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Interdisciplinary explorers have contributed more than a few of science’s greatest advances. In A History of Immunology, Arthur Silverstein comments that such advances are like quantum leaps, neither anticipated nor predictable but occasionally able to change the direction of an entire ﬁeld.1 This kind of leap could be happening today in the emerging science of neuroimmunology, an unexpected partnership between disciplines once deemed fundamentally different, exploring systems once considered distinct in their functions and architecture. Now, new research collaborations—some premeditated, some born of a kind of mutual awe—are teaching us that these two systems constantly interact at the level of cells and molecules.
Certainly, the immune system has been known to play a pivotal role in infectious brain diseases like encephalitis and in autoimmune brain diseases like multiple sclerosis (MS), in which brain tissue is mistakenly attacked by the immune system. But now scientists are discovering that the immune system also inﬂuences fundamental processes such as brain cell development and brain cell death, and the nervous system is showing its hand in such autoimmune diseases as rheumatoid arthritis. These surprises are enticing neuroscientists and immunologists to look anew at health and disease from a perspective unconstrained by assumptions of their own disciplines.
Discovering the Connections
We have known for a century that nerve cells communicate with one another through connections called synapses. Now we know that immune cells also use synapse-like junctions to communicate and that these junctions appear to share features with nerve cell synapses. For example, in an article in Science, immunologist Michael Dustin, Ph.D., of New York University, and neuroscientist David Colman, Ph.D., of McGill University, reported that the two types of synapses have some molecules in common. They noted that comparing the two types is useful not only to ﬁnd common features, but also because the different yet complementary approaches used to study them could prove mutually illuminating. So just as studies of neural synapses have helped us understand immune cell-to-cell communication, they say that insights into questions about neural synapses might be gleaned by studying immune cell synapses.2
Dustin and his neuroscientist colleague Wenbiao Gan, Ph.D., also discovered evidence that brain cell synapses are inﬂuenced by immune reactions in the brain. This evidence suggests that, in Alzheimer’s disease and HIV dementia, immune cell actions may be implicated in the loss of brain cell connections that accompanies cognitive decline. Dustin says: “This work with Wenbiao has demonstrated how remarkably rapid the response of microglial (immune) cells is in the brain.” He adds: “We are ﬁnding that immunological processes in the brain are very dynamic. Being able to see this on a cellular scale has been a big eye-opener.”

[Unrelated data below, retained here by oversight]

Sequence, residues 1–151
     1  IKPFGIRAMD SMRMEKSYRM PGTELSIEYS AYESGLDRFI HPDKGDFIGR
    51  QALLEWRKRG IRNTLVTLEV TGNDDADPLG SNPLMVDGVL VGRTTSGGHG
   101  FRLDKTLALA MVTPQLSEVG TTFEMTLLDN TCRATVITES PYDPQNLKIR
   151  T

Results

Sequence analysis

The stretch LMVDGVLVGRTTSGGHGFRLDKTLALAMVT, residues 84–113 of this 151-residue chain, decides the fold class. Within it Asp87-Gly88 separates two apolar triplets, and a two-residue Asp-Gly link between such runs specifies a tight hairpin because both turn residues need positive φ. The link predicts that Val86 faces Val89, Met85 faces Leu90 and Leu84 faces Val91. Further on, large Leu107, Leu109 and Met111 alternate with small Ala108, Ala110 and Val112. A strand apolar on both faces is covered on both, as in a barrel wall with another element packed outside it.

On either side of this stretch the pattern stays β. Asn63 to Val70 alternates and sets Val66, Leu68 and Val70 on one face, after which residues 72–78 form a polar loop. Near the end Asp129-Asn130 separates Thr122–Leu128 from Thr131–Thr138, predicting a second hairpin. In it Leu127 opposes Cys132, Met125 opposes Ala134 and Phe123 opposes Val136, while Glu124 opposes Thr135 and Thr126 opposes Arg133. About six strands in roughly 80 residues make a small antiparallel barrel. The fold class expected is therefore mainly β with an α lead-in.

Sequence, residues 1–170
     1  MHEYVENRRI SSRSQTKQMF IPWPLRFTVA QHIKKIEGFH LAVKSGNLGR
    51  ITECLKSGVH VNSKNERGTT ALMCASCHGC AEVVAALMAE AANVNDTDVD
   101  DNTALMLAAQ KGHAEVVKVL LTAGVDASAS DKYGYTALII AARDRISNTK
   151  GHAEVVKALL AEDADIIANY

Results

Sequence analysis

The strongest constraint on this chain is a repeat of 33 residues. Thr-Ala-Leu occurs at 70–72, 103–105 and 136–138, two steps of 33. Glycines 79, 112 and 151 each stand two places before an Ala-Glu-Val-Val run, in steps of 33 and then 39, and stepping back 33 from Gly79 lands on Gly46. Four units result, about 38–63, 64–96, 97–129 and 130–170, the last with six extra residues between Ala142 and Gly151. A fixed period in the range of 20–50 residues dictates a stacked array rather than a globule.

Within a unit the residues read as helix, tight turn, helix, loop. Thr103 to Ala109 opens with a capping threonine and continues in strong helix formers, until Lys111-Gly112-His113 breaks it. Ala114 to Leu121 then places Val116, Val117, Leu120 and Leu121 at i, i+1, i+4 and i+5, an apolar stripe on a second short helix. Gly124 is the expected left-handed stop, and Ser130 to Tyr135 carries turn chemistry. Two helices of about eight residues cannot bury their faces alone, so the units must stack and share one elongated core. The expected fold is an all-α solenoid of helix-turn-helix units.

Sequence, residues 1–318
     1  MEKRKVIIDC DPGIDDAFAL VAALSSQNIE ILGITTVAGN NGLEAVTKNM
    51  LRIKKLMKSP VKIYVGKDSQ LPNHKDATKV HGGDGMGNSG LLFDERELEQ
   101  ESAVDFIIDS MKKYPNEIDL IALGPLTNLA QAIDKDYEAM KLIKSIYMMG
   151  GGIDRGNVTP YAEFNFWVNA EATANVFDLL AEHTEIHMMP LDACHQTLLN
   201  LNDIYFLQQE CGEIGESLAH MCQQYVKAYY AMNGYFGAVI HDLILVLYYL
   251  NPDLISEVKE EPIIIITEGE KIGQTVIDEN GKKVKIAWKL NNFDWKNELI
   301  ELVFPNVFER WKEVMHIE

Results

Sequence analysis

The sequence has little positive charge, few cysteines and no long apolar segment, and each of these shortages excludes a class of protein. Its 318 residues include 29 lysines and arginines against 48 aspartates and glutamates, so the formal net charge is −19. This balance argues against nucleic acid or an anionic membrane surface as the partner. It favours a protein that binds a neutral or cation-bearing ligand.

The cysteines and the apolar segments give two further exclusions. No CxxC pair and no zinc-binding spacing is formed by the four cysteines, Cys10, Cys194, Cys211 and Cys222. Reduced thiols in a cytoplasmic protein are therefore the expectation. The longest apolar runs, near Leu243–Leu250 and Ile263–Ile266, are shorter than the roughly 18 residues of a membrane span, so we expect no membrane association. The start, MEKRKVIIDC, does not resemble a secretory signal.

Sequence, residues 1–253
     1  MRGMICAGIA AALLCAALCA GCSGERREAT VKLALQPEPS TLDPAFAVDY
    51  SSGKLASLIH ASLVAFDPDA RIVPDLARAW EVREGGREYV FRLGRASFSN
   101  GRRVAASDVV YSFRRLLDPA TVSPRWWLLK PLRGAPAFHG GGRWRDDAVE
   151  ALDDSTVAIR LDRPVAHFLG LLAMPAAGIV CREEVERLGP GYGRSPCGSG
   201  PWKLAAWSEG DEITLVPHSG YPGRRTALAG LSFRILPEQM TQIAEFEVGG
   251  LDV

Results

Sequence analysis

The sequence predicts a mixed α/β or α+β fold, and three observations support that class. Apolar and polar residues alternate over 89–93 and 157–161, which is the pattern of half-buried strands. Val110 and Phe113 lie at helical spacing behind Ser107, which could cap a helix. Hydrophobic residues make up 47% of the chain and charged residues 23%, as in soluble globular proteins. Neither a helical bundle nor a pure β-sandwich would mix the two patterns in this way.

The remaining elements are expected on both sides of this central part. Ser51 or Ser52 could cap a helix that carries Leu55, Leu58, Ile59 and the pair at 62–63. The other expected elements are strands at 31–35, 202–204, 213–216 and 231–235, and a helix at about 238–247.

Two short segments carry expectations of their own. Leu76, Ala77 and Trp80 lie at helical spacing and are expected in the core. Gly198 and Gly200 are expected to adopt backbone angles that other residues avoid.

Similarly surprising is one new study showing that the same molecule required for immune cells to recognize one another also plays a major role in the brain’s “wiringup” processes. This ability to wire and rewire, called plasticity, makes it possible for nerve cell connections to be made, to break or fade away, and for new ones to be made. Recently, Harvard University neuroscientist Carla Shatz, Ph.D., and her colleagues found “in an unexpected twist” that a protein (major histocompatibility complex class I) used by immune cells to recognize invaders also helps the brain to know how to rewire. To some, this work suggests that the same family of genes may be involved in the recognition processes used by both the nervous and immune systems. “It is time for people to think out of the box,” said Shatz. “All bets are off when it comes to how these immune molecules are functioning in the brain.”3
Researchers also discovered examples of molecules that were once thought to be the province of the nervous system but are now seen to function in the immune system as well. “For instance,” says Ralph Steinman, M.D., of Rockefeller University, “just when neuroscientists were getting a handle on certain molecules (some of which are called semaphorins) that guide the movement of nerve cell processes, we ﬁnd these semaphorins turning up in abundance on some immune cells. What are they doing there?”
Similarly, a neurotransmitter called nerve growth factor has long been known to be vital to nerve cell survival, but Scripps Research Institute immunologist Richard Ulevitch, Ph.D., and neuropharmacologist Tamas Bartfai, Ph.D., were recently surprised to ﬁnd that nerve growth factor is also critical to immune cell survival. They identiﬁed a link between the body’s innate immune response and the receptor that binds nerve growth factor to a cell. This link could contribute to the ability of the body’s immune cells to detect signals—calls to action—from tissues that have been damaged by infection. The researchers suggest that this exploratory path “may expand our understanding of the nervous system’s control of some fundamental immunologic processes.”
What is striking is not only that some of the same substances have functions in both the nervous and immune systems, but also that together neuroscientists and immunologists are making discoveries that are prompting totally new questions.
The Key Players